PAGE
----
43 years female presented with the history of on and off diffuse abdominal pain since 1 year. There was no other associated complaint and the past history was non-contributory. The review of all the systems was grossly unremarkable. CT scan performed revealed a polypoidal growth suggestive of ill-defined mass in the gall bladder measuring 43.6x 32 mm with loss of fat planes. (Figure 3a) The basic laboratory investigations were within normal limits. Clinically the patient was diagnosed as gall bladder carcinoma and taken up for radical cholecystectomy. Following surgery the specimen was sent for histopathological analysis. We received partially cut open specimen of gall bladder with liver wedge altogether measuring 10 x 8 x 5 cm. Cut surface showed a greyish to yellowish white polypoidal mass involving the body and fundus of the gall bladder measuring 5 x 4 x 2.75. (Figure 3b) Grossly the mass was well confined within the lumen of the gall bladder and not involving the liver.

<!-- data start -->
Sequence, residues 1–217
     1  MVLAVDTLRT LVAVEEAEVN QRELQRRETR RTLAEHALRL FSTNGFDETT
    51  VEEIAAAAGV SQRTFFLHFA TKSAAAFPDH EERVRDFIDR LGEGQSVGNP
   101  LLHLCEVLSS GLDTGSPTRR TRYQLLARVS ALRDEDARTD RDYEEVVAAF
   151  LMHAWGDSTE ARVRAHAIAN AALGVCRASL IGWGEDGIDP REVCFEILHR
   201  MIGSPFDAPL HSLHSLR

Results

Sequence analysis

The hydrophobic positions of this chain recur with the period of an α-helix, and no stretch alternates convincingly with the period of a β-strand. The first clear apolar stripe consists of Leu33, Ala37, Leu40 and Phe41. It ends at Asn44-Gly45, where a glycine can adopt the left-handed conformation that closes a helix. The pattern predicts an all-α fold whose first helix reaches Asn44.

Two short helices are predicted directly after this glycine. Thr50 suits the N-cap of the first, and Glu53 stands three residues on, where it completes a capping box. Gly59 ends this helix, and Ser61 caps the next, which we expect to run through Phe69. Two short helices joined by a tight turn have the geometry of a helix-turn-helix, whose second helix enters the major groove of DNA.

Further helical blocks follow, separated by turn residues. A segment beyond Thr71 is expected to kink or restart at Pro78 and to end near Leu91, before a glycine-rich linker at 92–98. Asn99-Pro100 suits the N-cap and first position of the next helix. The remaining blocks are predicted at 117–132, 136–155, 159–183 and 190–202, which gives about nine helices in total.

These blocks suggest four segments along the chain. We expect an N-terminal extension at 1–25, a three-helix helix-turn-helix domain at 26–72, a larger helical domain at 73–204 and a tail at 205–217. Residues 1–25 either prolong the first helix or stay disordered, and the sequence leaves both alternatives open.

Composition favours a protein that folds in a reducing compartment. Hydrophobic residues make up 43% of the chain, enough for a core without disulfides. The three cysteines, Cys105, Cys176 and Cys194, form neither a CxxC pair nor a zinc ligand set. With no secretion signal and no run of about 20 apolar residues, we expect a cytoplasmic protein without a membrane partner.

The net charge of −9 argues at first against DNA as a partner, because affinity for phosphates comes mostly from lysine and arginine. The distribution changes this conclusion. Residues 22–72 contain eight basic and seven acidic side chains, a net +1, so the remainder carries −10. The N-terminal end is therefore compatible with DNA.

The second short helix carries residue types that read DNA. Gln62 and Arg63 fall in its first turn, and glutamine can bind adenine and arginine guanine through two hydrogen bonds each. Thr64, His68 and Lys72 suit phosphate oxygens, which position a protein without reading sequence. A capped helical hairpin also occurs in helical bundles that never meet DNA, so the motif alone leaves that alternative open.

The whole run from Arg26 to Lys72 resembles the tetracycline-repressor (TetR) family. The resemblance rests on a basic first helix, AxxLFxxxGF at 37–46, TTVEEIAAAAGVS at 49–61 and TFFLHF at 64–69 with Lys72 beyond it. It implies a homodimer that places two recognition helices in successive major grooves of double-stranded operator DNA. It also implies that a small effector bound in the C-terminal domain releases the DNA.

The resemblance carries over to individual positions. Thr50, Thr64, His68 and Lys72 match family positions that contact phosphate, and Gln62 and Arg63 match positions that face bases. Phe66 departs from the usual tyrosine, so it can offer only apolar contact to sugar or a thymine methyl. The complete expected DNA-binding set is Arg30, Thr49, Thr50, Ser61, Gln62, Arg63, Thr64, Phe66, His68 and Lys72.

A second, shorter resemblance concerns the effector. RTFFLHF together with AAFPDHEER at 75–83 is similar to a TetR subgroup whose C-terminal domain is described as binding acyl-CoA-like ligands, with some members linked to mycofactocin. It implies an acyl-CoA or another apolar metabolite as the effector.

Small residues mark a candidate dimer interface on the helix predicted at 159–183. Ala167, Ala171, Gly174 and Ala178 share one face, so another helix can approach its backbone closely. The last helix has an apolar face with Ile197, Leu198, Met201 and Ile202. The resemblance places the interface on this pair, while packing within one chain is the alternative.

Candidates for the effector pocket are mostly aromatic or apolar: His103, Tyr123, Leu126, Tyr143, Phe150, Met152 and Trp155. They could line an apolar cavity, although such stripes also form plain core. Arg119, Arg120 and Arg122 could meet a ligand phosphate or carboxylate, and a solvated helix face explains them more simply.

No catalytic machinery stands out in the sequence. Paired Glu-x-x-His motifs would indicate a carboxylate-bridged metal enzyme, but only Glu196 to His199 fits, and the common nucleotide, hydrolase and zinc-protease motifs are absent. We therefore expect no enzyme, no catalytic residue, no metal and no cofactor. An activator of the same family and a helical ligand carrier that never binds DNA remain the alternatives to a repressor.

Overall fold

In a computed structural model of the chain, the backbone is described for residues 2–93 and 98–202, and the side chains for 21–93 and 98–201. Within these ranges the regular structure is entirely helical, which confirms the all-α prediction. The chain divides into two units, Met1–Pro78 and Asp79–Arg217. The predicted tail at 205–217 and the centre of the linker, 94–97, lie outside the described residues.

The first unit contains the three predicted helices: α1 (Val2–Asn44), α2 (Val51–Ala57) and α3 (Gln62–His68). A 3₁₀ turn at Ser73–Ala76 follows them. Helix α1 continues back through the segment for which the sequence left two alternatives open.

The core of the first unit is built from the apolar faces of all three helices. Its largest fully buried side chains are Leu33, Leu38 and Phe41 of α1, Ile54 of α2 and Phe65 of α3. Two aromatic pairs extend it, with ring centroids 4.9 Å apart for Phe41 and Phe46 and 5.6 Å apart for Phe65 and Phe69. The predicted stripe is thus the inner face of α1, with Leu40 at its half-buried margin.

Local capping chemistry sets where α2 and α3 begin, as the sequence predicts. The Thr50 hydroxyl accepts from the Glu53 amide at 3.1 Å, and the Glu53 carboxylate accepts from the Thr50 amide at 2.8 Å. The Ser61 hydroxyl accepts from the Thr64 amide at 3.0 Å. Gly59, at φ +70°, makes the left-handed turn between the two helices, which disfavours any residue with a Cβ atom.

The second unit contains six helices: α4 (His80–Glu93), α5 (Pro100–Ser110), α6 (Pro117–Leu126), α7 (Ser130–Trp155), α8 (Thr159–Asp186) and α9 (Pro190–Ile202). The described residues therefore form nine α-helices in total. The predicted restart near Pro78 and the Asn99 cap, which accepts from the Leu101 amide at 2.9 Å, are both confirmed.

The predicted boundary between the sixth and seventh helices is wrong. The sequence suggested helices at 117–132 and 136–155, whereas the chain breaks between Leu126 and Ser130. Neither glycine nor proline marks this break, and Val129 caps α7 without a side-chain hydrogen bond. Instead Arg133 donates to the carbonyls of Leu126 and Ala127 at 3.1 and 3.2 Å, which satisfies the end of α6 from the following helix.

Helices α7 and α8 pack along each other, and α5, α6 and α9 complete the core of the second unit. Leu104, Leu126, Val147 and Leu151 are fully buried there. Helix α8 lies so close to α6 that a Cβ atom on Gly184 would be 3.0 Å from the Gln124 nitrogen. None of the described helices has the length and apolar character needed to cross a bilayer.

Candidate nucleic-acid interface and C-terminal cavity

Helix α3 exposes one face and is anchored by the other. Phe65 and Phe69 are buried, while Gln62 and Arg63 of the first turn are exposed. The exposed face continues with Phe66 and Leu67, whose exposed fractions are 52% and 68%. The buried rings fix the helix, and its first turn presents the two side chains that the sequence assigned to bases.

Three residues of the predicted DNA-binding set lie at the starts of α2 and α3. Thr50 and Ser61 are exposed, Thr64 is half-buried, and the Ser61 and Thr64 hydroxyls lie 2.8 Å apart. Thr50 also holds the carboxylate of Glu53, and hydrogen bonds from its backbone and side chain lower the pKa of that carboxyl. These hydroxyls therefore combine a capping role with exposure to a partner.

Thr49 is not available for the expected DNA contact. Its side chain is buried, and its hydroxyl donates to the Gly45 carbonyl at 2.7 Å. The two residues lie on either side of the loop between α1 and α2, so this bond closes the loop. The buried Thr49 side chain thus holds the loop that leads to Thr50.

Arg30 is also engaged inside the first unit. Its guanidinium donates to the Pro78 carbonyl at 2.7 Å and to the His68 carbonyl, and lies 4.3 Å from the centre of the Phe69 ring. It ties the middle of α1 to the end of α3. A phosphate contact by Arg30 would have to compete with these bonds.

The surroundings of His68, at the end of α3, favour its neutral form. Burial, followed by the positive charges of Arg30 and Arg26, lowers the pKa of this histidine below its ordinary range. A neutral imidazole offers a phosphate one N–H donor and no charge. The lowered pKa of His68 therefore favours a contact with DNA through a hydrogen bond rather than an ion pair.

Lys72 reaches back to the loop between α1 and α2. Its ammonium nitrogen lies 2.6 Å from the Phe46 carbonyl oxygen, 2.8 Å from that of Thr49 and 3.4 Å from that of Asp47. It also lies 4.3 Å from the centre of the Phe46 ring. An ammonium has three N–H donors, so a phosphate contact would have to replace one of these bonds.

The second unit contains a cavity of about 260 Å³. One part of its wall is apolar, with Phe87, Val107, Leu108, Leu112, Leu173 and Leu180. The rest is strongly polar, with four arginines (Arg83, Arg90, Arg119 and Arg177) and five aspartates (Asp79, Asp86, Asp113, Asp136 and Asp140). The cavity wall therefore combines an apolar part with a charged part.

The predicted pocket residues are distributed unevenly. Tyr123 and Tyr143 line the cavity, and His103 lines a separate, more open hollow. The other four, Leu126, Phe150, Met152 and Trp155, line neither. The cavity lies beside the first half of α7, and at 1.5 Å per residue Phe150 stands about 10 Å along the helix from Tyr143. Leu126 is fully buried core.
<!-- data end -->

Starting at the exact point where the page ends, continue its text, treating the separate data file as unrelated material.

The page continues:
Case 3

36 years old female patient presented with short history of pain abdomen in the right upper quadrant associated with jaundice and fever since 3 months. MRCP was suggestive of cholelithiasis with cystic duct and CHD calculus causing dilatation and bilateral IHBR. Patient denied of any significant past surgical and family history. Clinically the case was diagnosed as gall stone disease,laproscopic cholecystectomy was performed and specimen sent for histopathological examination. On gross examination the gall bladder measured 12 x 5 cm with presence of single calculi lying separately within the container. However, cut surface of the specimen showed a polypoidal greyish white growth measuring 3 x 2.2 x 1.5 cm in the neck of the gall bladder.